A few months ago I read a tweet by one of my favorite writers, David Perell. He was inspired by investor Andrew Wilkinson who posted about 'anti-goals'. It made me write this story, about how I finally made the decision to leave my office job in Rotterdam, and go to Cape Verde.
"Knowing what you don't want is all you need to start the adventure of a lifetime". - Unknown
In 2013, when I decided it was time to leave my office job and go on an adventure, I didn't know exactly what I wanted to do. I didn't know how things would work out for me. What I did know was that I was ready, and that I had two destinations: Brazil first, and later Cape Verde.
At the office, the fact that I knew so little about my new life would cause akward conversations with colleges who could not understand it. How could I leave such a comfortable life for one that was full of uncertainties?
At that time, for me, it felt good not knowing the answers to the questions people would ask me. I didn't even know how I was going to make a living. Not knowing so many things meant that anything was possible. In my new life I could become who ever I wanted.
The most important thing to me then, was that I knew what I didn't want. And looking back, just that little piece of information has allowed me to continue on this adventure. It was not so much what I wanted that made me quit my job and leave, because I didn't really know what I wanted.
What I didn't want was to spend my life at an office all day long. An office that had been very good to me for so many years. But also a place that had me feeling way too comfortable, and not growing enough. What I didn't want was to bring people their mail all day for the rest of my life.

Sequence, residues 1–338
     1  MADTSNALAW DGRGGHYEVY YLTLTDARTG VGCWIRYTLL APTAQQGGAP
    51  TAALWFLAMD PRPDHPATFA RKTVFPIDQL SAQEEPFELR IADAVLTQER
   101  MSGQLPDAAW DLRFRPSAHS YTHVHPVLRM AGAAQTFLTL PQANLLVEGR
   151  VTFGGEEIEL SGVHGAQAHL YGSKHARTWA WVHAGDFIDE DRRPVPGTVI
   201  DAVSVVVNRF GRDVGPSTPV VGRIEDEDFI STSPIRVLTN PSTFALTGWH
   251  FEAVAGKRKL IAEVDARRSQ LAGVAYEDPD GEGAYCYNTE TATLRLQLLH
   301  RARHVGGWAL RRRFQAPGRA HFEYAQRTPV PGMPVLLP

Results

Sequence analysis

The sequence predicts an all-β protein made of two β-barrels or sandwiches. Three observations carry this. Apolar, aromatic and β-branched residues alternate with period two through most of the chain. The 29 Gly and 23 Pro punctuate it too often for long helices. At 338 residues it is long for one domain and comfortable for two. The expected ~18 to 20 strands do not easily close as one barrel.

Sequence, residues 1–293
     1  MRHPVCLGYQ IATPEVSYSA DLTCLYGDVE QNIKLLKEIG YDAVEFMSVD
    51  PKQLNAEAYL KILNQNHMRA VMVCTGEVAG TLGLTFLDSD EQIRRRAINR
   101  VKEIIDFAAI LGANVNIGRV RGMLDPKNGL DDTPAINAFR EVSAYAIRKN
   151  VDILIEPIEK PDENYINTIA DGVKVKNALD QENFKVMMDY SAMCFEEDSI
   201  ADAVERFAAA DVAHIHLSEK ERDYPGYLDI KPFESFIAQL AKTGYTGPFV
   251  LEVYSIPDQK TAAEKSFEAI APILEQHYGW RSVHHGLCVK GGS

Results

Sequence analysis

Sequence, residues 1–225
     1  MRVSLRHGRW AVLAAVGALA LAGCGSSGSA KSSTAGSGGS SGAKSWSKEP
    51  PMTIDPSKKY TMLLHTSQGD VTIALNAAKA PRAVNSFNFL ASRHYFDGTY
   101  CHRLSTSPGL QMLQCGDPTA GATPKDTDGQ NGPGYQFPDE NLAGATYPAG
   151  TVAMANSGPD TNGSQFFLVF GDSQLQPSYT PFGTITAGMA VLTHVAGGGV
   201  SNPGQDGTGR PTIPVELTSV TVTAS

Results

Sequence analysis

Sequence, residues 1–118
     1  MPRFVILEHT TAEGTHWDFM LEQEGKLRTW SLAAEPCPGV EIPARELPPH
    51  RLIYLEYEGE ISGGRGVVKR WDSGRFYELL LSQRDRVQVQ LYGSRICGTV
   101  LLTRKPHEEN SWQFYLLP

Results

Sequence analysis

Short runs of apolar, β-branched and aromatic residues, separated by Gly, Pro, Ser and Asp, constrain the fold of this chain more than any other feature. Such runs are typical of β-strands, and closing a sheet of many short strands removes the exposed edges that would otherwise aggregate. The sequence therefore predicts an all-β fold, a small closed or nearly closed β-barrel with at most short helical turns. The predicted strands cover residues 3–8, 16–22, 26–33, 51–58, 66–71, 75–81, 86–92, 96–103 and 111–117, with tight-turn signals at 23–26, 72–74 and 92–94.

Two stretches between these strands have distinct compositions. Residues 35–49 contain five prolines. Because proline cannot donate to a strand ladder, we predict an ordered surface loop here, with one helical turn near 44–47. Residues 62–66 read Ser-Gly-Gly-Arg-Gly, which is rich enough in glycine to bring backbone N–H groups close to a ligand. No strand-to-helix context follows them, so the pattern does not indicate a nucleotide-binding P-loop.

The funny thing is that in the years prior to making my decision, I had convinced myself of the fact that I could do that work forever and be happy with it. I had also convinced myself that I needed to forget about a life somewhere else, because it just was not going to happen for me.
Being comfortable made me believe in something that was not real. It stopped me from questioning what I was doing because things were good.
What I didn't want was to one day look back at my life and regret all the things that I could've done, but lacked the courage to try. I could spent another few years dreaming about another life, or start living the life that I was dreaming of.
Back then being comfortable also made me forget about reading. So I didn't know Charlie Munger. Maybe if I did, I would've discovered one of my most important 'anti-goals' earlier. At least, now I know, and I will use them the rest of my life. As Charlie would say: “Invert. Always invert.”
My current anti-goals list for our country:
Large groups of people living in poverty
A underdeveloped health care system
High numbers of unemployment
Unsafe environments for woman and children
Too much government power and reliability
A single (and exclusive) education system
I'll be working on a long-term plan (20-years) to help build a better future for Cape Verde.